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Dewi Jones Unit - Children's Mental Health Services

The Children's and Young People's Forum demonstrate one of the afternoon sessionsStaying at the Dewi Jones Unit has helped many children and their families to understand their problems and work out ways to get better. We know that arranging a stay can be a difficult decision to make so we’ve put together some information to give you an idea about what to expect.

If you have further questions please get in touch – we’ll be happy to give you an answer.

Why would someone need to come to the Dewi Jones Unit?

Your family will have already worked with other mental health specialists to identify issues and one of those specialists will have referred you to us. It’s a positive step! Coming to the unit has helped many children and their families to understand their problems and work out ways to get better.

How long can a child expect to spend at the unit?

There’s no concrete answer, but a stay usually lasts from six weeks to several months depending on how much work we need to do. We understand that this could be a difficult commitment, but we strongly believe that it’s the best approach for dealing with problems and preparing children for challenges in the long term.

Every six weeks a review called a ‘CPA meeting’ happens. This is where parents, doctors, healthcare professionals teachers put together the best course of action, as well as working towards deciding your child’s discharge date.

What’s the unit like?

We have space for up to nine children to stay and everyone has a room of their own.

We have play, activity and learning rooms, therapy and relaxation spaces and meeting rooms, as well as our own kitchen, dining room and garden.

There’s plenty of space for everybody, but it’s not so big that you could get lost!

What should I pack for my child?

There’s a useful checklist below, but bear in mind you’ll need enough clothes for five days. You might also want to pack:

  • Swim wear
  • Some snacks for break times
  • Posters, cards, photos etc to personalise your child’s room
  • A little pocket money (up to £5 per week)

Toiletries/bathroom items

toiletriesEach bedroom on the Unit has its own private toilet and shower room. There is also an additional bathroom on the Unit which has a toilet and nice bath. We encourage children and teenagers to maintain their own hygiene wherever possible. We provide towels but children often like to have their own towel from home. We also like children and teenagers to bring in their own toiletries and toothbrushes.

Clothing

Make sure you bring enough clothes with you for five days (with extras in case of emergencies). We often take children outside daily, so suitable clothing for running around is advisable. Other regular activities we do include going to the local park, the marina, swimming, outdoor sports (such as tennis) and gardening. Pyjamas, slippers and dressing gowns are a great idea for evenings.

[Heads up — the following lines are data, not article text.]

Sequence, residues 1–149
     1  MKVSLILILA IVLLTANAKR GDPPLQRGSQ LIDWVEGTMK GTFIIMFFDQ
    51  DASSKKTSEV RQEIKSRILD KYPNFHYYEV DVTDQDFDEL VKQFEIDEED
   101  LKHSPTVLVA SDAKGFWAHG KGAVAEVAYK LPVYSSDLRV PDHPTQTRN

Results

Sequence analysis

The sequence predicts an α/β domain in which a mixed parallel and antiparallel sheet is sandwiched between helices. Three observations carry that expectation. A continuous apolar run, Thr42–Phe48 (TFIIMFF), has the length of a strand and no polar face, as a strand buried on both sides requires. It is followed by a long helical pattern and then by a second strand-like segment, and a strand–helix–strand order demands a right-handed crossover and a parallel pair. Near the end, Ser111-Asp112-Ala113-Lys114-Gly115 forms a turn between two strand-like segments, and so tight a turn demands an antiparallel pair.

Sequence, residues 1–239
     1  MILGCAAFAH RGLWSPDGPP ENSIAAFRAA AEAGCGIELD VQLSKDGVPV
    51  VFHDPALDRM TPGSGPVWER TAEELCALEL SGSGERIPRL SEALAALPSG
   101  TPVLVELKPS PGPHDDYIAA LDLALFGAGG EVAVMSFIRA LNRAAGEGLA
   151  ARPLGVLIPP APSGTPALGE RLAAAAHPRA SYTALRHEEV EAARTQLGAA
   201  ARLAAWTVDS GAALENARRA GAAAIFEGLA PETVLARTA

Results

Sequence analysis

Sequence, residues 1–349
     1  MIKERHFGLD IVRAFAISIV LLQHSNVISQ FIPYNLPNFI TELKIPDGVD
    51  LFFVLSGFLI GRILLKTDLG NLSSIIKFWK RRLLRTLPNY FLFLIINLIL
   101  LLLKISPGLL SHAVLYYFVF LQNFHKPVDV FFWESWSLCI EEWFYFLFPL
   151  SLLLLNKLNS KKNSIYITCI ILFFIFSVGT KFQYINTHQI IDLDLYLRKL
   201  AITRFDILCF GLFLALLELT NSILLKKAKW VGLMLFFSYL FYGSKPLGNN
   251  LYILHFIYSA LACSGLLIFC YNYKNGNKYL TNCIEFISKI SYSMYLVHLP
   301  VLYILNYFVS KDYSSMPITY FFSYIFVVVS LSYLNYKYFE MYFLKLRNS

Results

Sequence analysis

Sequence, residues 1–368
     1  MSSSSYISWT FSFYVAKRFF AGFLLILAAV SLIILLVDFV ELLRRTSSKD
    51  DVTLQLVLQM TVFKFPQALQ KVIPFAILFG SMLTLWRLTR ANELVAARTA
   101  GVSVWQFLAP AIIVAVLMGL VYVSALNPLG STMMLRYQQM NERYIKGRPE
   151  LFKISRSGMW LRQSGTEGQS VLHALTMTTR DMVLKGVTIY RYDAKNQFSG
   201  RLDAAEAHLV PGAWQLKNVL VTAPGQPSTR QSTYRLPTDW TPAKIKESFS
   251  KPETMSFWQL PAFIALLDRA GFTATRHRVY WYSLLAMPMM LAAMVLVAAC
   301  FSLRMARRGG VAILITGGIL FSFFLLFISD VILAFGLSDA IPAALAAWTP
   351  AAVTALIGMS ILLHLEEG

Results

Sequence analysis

Valuables

We provide each child with a drawer in the nursing office for valuable items such as electronic tablets, mobile phones and chargers. For safety we keep all valuable items in these drawers when people aren’t using them (your care plan will make it clear about the times). If children bring in their pocket money, we keep that secure in our locked safe until it is needed.

mobileMobile phones

We are happy for children and teenagers to bring mobile phones with them but we are not able to allow internet-enabled devices onto the Unit so mobile phones will only be able to be used for phone-calls or texts. The Unit has a private phone in a quiet room that children and teenagers can use at various times during the day. This phone is there for all children to phone their parents and everyone needs to remember to share the time fairly.

Electronic devices

Children often bring in a personal stereo or radio with them to help them to relax in the evenings. Please bring in batteries if these are required for your device. We will also have to safety-test any device before it is used.

The Unit has several TVs, DVD players, Xbox 360s, Playstations, a Wii, and CD players in the communal areas. We have lots of games and DVDs on the Unit but please remember we have very strict rules on age appropriate games, DVDs and music.

Hobbies

Children are welcome to bring in any activity or hobby equipment (within reason) – just mention the hobby to the staff before you bring it in and we will see what we can do!

Food

We have our very own chef and the food cooked on the Unit offers a delicious balanced diet. Please feel free to pack snacks for your child, which will be given out at afternoon break-times. Snacks are kept in the Unit dining room in your child’s own private drawer – not in their bedroom. Morning break will be fresh fruit and yogurt unless your child’s care plan says otherwise.